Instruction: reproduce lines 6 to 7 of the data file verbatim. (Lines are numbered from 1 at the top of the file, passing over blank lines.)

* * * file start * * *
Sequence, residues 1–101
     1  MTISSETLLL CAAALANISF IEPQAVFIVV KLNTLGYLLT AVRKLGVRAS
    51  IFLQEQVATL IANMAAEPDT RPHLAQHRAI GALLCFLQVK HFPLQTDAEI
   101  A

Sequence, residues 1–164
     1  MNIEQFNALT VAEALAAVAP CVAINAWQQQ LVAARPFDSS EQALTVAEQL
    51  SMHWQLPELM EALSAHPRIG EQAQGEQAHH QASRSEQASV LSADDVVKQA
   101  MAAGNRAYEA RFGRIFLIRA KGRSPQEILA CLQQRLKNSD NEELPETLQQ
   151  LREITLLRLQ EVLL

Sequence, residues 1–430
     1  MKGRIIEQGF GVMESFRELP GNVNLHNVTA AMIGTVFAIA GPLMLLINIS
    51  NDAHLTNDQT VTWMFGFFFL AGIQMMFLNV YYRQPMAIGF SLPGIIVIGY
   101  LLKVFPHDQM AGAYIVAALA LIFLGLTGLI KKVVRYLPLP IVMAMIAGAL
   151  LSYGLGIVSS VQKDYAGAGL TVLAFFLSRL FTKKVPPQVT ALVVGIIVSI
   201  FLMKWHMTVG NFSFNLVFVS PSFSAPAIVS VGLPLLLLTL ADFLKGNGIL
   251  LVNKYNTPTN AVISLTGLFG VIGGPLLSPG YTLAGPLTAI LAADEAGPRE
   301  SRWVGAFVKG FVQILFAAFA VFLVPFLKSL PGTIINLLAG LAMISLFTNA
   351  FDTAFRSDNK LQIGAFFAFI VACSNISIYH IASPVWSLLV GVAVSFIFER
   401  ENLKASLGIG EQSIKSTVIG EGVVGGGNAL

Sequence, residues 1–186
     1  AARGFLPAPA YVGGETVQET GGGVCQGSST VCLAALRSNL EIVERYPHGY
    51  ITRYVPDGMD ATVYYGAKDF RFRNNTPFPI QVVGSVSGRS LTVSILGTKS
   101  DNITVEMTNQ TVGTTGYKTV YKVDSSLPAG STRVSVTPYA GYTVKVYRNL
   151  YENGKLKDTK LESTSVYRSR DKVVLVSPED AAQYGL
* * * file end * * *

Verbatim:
     1  MNIEQFNALT VAEALAAVAP CVAINAWQQQ LVAARPFDSS EQALTVAEQL
    51  SMHWQLPELM EALSAHPRIG EQAQGEQAHH QASRSEQASV LSADDVVKQA